The Ultimate Guide To Using A Power Trowel

A power trowel is an essential tool for any home or commercial construction project. The versatility of this machine makes it perfect for many different jobs. Whether you're a professional or just doing some home renovations, the right power trowel can make your work easier and more efficient.

How do you know which one to buy? How To Use One? Or The Safety Precautions For Operations? Here's everything you need to know about the power trowel:

What is a Power Trowel?

Sometimes referred to as a power float, a power trowel is a piece of equipment used in construction for applying smooth finishes on concrete slabs. Power trowels are available in two versions; ride and walk-behind trowels. The power trowels are operated differently despite serving one purpose.

For instance, you operate a ride on a power trowel by sitting on its seat and controlling it. On the other hand, you can operate a walk-behind power trowel by walking behind it, as its name suggests.

All in all, this equipment is important in concrete pour troweling as it allows the concrete to fully undergo the finishing process while squeezing out any residual water. By removing the water guarantees, the concrete slab lowers the chances of cracking.

Types of Power Trowels

The two types of power trowels are operated differently. Below is the working mechanism of each:

Ride-on power trowel

The machine is very economical when you want to finish a large concrete area. It helps save time and labor since the operator has smoother operations than the walk behind the power trowel.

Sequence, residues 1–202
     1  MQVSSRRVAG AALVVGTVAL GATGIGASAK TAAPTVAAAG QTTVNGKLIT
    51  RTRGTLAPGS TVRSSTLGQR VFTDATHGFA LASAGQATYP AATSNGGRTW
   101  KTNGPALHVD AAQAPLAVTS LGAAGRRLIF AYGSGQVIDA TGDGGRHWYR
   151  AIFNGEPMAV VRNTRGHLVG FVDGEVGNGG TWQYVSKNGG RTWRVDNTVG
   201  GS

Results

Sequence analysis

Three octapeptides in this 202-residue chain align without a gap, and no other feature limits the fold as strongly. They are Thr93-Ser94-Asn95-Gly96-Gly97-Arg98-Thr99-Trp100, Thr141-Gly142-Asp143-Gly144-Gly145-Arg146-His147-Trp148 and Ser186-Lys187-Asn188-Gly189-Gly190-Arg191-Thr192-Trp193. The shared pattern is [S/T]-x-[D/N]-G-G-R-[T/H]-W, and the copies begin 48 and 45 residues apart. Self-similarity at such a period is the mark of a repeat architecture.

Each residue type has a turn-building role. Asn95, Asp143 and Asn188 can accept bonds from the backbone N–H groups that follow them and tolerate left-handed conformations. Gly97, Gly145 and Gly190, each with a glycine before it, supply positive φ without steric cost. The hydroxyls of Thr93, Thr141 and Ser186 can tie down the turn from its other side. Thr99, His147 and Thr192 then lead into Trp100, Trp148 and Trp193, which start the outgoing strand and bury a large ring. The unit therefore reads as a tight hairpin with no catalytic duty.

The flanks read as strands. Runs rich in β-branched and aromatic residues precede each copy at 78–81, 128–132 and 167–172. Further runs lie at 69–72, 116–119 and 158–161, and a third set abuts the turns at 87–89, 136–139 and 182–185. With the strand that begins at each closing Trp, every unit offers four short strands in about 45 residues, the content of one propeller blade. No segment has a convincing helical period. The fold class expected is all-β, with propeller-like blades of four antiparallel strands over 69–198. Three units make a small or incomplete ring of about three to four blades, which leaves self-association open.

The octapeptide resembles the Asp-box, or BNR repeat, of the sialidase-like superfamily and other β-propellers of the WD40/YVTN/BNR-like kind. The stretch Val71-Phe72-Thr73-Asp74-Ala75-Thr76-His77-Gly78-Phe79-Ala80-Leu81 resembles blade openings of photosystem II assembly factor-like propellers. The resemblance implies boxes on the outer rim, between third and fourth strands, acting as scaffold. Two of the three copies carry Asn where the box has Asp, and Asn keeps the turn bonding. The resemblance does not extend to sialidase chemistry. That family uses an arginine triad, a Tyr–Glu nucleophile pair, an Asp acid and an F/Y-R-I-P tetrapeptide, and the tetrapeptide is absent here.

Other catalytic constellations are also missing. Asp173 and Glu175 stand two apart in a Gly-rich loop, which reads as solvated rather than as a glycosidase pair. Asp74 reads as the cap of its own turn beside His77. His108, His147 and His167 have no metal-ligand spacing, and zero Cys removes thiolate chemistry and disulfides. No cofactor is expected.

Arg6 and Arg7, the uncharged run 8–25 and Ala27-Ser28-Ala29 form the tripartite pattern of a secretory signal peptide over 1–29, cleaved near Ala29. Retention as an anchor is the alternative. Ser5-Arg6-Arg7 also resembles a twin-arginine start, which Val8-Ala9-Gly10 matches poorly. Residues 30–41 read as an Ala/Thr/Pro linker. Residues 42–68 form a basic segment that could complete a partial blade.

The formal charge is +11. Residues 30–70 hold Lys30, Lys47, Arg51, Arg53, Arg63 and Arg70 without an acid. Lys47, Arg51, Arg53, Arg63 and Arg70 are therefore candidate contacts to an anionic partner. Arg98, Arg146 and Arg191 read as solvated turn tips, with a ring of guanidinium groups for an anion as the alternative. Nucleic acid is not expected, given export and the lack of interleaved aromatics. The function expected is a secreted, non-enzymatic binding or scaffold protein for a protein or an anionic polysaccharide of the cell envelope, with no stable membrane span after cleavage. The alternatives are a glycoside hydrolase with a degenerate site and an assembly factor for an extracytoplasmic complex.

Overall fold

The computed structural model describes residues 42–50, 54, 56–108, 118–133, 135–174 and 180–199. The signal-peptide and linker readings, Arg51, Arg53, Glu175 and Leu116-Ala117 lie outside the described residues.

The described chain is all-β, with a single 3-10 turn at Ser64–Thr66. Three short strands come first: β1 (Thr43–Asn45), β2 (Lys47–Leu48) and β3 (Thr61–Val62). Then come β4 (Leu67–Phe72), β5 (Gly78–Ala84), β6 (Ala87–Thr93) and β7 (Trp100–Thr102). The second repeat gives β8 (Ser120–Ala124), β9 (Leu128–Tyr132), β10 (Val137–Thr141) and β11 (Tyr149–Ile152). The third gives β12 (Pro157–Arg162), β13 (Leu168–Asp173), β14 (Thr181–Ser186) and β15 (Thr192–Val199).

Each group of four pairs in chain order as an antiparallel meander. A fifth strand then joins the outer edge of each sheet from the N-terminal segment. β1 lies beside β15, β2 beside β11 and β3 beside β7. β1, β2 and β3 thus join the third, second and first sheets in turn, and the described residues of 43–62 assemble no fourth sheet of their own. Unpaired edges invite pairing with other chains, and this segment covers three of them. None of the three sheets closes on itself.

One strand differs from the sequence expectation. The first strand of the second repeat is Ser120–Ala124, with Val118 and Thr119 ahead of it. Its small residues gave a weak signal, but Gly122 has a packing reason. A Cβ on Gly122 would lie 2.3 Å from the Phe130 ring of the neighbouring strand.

Most of these powered trowels are developed to use electronic and hydraulic steering. Some even more advanced models feature variable speed clutches and torque converters.

All ride-on trowels should be used on terraces, floors, and concrete roads as they provide a superior finish. However, it is more difficult to spot a flaw when using a ride-on power trowel. Therefore, most operators prefer working with walk-behind models.

bartell global ride on power trowel

Bartell Gloval Titan 78 Power Trowel

Walk-behind power trowel

The machine is ideally used where a ride-on model cannot reach. For example, near a surface edge or around a protrusion. It is lighter compared to the ride-on model, thus much easier to transport. Some finishers prefer the manual models of walk-behind trowels as they are the best when observing the surface.

However, the equipment is quite challenging to operate, considering you have to use a lot of strength to push it. The best thing about this equipment is that it produces the same finish quality as its ride-on counterpart despite being cheaper.

In addition, its engine is smaller as it requires a single rotor to power up. It contains other parts, such as vibration-dampening handles and enclosed gearboxes.

power trowel walk behind


Bartell Global 36" Power Trowel

How Does a Power Trowel Work?

The various power trowels work differently depending on whether you are floating or finishing the concrete surface. The two methods are explained below:

Walk-behind - Steering this pushable trowel is quite simple as it is similar to a floor buffer. If you pull on the handle, the machine will move to the left. Consequently, it will move to the right when you push the handle down.

Ride-on - Steering a riding trowel is also simple but not as simple as steering a walk-behind model. After sitting on the machine, you will see two control levers for steering the machine, one on the right and the other on the left.

The left lever moves forward and backward while moving the machine in the same directions. The right one moves forward, backward, left, and right directions while steering the machine in the same direction.

The various control levers are crucial in providing a wide range of movement flexibility. They ensure that the operator covers the whole concrete slab area without leaving spots.

See our range of Bartell Global Power Trowels.

How to Use A Power Trowel To Finish A Concrete Slab

Test the Slab